• Free float liquidity

Lowering the absolute free float requirement (i.e. the amount of a company’s shares that must be held by the public, as opposed to the company’s directors, employees or majority shareholders) from 25% to 15% and allowing companies of different sizes to use other measures to demonstrate liquidity. For high growth and private equity backed companies looking at listing venues, the existing free float requirements are seen as a strong deterrent. 

15% remains an arbitrary number, though, and it is a pity that there is no alternative metric proposed to allow a certain number of shareholders to constitute a free float, or other indicia of prospective liquidity.

  • SPACs

Liberalising the rules around trade suspension of SPACs on announcement of a potential acquisition, with additional shareholder protections such as voting and redemption rights at the time of the acquisition.

Other recommendations include greater disclosure of forward-looking information, greater involvement of retail investors, and an impact assessment of the research analysis rules introduced as part of the wider IPO process reform in July 2018.

While these recommendations will need to be considered, and then consulted on, by the HM Treasury and the Financial Conduct Authority, and it will be some time before any changes are adopted and implemented (we are currently expecting late Q3/early Q4), we are encouraged by the prevailing regulatory environment and hopeful that this will translate into greater volumes of activity on the London Stock Exchange. 

Capital raisings: another record year?

As discussed in our rights issue best practice briefing and ECM podcast last year, we saw record amounts of equity raised as companies rushed to solve short-term liquidity problems, shore up balance sheets and reduce net debt as part of their immediate response to COVID-19.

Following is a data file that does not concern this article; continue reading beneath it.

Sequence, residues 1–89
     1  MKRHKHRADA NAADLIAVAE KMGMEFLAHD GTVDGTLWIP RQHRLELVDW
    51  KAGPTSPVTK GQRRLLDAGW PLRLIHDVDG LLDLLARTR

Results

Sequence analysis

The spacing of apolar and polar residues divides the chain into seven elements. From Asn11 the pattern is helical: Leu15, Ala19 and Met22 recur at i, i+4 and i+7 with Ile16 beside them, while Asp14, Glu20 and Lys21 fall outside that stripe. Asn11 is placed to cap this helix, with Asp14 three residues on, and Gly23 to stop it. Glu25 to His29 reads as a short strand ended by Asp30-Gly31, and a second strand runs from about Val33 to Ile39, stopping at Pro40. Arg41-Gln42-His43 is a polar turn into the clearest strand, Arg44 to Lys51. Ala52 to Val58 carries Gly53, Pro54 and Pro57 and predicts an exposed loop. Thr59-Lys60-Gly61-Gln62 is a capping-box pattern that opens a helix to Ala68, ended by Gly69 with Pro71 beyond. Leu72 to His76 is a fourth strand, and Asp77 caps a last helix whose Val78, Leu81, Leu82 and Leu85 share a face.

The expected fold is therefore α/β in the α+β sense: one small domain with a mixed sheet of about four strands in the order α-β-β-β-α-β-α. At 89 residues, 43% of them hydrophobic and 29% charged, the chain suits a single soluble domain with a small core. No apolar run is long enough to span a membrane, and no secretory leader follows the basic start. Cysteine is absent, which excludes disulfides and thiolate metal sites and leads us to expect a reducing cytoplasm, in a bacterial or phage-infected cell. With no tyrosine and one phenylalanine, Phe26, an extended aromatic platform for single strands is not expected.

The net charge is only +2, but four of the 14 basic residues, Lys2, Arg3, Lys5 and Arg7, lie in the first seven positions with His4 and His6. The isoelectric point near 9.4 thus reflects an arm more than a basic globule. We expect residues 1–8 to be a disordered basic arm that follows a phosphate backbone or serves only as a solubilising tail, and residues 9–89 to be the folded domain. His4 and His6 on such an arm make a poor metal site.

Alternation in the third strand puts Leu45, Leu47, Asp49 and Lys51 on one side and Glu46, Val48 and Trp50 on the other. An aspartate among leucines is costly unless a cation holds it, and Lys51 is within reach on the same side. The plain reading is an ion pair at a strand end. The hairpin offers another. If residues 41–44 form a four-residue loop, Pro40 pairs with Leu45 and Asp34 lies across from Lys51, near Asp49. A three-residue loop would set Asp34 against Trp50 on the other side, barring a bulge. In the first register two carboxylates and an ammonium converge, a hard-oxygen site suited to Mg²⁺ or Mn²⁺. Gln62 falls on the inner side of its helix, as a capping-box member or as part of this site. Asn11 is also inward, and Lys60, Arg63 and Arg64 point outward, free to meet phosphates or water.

Only five placings and one open offer have been announced to date this year by Main Market companies, and we are advising on The Restaurant Group’s firm placing and placing and open offer. We expect the demand for capital raisings to return towards the end of the calendar year.

Businesses are now assessing their longer term liquidity needs and financing arrangements in light of the sustained and ongoing impact of COVID-19 and related business restrictions, evaluating their business model and strategy in light of the new trading environment and consumer expectations, and undertaking a general MOT of their operations and financial position.

The recovery may take some time to gather momentum, and the passage of time can turn liquidity problems into solvency problems. Jerome Powell, US Federal Reserve Chair 13 May 2020

As furlough subsidies and government support taper off and are eventually withdrawn in Q3, or become less attractive to new applicants or existing companies who wish to increase their funding limits (for instance, in the way that the government is introducing dividend suspensions and executive pay conditions as part of securing new or increased Coronavirus Corporate Financing Facility funding), more companies will once again look to the equity markets.